The Investigators: Do safety laws protect workers who report to work during the pandemic?

The Investigators: Do safety laws protect workers who report to work during the pandemic?

MEMPHIS, Tenn. (WMC) - The WMC Action News 5 Investigators have received emails from employees stating they do not feel safe reporting to work every day.

“It’s scary,” said a woman who works as a fork lift operator at a local warehouse. She did not want to be identified.

“When you on a lift and you pass by somebody, you may have to go and get a part and y’all right by each other,” she said. “There’s no way to do social distancing.”

About 130 written complaints came into the Tennessee Occupational Safety and Health Administration (TOSHA) from March 1 to March 24 , according to the Department of Labor and Workforce Development.

That means more than five workers a day submitted complaints during that period, and 30-50% of those complaints were about having to report to work, said the agency.

But will TOSHA investigate those complaints?

“The typical spread of germs in the workplace is not governed by any workplace health standard,” said Chris Cannon, Department of Labor spokesman.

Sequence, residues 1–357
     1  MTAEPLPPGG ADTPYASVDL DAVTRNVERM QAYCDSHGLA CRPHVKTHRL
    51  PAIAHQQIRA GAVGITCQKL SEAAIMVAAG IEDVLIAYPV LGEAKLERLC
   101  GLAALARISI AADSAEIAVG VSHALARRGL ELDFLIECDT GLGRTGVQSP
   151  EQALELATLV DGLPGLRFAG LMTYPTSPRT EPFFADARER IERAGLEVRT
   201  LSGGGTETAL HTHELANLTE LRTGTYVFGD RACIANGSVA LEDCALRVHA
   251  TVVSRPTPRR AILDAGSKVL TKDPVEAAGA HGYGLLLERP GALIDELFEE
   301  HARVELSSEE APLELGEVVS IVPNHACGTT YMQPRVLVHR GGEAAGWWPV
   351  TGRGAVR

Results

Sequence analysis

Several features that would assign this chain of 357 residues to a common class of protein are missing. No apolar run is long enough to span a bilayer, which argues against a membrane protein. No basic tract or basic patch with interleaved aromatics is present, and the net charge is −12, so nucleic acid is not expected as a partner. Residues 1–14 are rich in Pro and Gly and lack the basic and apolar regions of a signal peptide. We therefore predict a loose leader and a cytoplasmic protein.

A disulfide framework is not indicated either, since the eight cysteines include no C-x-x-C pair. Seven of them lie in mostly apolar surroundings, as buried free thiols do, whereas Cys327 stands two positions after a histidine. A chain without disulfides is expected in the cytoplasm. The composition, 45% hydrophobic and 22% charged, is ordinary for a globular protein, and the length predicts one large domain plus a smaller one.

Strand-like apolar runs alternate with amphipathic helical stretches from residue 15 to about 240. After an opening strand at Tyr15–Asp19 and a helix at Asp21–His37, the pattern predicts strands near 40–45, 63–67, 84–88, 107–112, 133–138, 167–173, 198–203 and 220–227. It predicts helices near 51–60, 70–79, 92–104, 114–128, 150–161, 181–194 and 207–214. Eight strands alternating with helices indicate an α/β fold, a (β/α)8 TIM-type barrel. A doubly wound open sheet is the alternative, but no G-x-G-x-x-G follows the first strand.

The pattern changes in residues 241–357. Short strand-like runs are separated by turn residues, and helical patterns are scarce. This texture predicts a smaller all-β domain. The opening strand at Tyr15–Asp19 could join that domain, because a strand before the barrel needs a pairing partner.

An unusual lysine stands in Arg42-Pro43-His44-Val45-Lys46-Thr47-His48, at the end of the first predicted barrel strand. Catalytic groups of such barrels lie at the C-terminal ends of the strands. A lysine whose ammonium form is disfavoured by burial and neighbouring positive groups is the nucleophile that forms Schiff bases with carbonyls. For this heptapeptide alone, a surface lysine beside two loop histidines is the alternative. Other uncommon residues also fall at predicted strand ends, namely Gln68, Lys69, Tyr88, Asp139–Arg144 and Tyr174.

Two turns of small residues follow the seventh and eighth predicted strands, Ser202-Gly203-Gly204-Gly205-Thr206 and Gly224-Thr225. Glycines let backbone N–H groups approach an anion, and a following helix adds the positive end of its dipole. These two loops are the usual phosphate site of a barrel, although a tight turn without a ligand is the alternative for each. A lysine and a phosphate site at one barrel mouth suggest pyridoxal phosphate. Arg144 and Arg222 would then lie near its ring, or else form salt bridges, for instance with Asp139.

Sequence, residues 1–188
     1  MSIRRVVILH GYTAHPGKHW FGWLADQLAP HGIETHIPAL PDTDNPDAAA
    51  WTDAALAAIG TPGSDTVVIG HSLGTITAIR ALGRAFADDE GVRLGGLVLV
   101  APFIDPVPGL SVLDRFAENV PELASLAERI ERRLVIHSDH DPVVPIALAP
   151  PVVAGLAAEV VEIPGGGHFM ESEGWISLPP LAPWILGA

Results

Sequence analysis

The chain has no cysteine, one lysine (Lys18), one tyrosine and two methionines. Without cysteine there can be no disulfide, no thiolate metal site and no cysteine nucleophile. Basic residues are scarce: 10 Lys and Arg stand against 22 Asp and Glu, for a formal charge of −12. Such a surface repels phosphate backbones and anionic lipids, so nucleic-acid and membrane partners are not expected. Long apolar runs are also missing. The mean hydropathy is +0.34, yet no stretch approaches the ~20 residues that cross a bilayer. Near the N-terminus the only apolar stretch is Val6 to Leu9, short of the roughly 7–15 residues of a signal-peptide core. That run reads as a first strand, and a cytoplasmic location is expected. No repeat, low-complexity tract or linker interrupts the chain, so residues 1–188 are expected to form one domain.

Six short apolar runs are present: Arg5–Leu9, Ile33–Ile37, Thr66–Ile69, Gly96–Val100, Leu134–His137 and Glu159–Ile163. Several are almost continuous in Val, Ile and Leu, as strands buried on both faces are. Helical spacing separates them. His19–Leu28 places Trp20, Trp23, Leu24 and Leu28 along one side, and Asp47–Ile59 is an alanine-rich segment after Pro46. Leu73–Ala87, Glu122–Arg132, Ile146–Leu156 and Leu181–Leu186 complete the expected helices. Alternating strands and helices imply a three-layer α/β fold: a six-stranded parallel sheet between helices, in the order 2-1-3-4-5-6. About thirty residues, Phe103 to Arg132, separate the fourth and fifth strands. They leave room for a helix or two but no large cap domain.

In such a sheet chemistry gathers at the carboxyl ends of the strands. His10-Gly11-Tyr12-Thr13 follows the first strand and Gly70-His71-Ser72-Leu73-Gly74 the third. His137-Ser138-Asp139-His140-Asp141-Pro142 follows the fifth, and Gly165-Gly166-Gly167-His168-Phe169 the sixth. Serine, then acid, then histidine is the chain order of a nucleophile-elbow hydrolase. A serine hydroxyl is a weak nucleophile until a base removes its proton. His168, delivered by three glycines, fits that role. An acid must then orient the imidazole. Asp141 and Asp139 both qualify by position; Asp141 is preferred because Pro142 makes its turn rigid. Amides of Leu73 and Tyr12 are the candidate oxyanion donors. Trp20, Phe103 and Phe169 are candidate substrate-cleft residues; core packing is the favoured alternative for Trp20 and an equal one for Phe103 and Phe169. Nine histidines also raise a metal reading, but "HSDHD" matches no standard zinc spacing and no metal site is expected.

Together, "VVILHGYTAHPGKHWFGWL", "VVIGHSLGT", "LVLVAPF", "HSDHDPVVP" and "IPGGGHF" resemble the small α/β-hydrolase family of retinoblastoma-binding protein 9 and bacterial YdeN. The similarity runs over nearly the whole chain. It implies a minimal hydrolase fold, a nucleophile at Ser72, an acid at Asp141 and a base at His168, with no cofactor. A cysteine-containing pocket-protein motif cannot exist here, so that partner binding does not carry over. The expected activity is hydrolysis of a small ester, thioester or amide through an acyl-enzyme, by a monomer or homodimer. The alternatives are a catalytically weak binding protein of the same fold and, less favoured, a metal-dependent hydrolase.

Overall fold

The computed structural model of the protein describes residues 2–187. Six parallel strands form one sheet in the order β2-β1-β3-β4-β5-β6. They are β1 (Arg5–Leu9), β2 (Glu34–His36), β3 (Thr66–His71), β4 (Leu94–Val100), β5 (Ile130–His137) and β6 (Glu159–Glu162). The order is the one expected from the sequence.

Cannon said TOSHA will send a letter to the complainant’s employer reiterating the CDC’s recommendations.

There are no specific OSHA standards covering COVID-19 exposure but the federal administration released a guide book to workplaces this month, though it did not create “new legal obligations.”

The guide says employers should plan for the pandemic now or face “a cascade of failures” including workers being absent.

It also includes an Occupational Risk pyramid.

Health care workers belong in the Very High Risk category while most everyone else belongs in the Lower or Medium exposure risk.

Most who have jobs that require frequent and/or close contact with people are in the Medium Exposure Risk category.

“In areas where there is ongoing community transmission, workers in this category may have contact with the general public (e.g., in schools, high-population-density work environments, and some high-volume retail settings),” the guide states.

There are some laws already in place that may protect workers, including sanitation requirements. Businesses must supply soap and water to employees for hygiene.

Additionally, the General Duty Clause in the Occupational Safety and Health Act states employers must provide a workplace free from recognized hazards likely to cause death or serious physical harm.

However, those requirements do little to ease this worker’s concerns.

“They don’t care about us,” she said about her employer. “I’m just going to be real.”

You can find OSHA’s guide here.

The file an OSHA complaint in Tennessee, click here.

To file an OSHA complaint against a public entity in Arkansas, visit this link. You can call the number for the person provided. To file a complaint against a private company, click here.

To file an OSHA complaint in Mississippi, visit this link.

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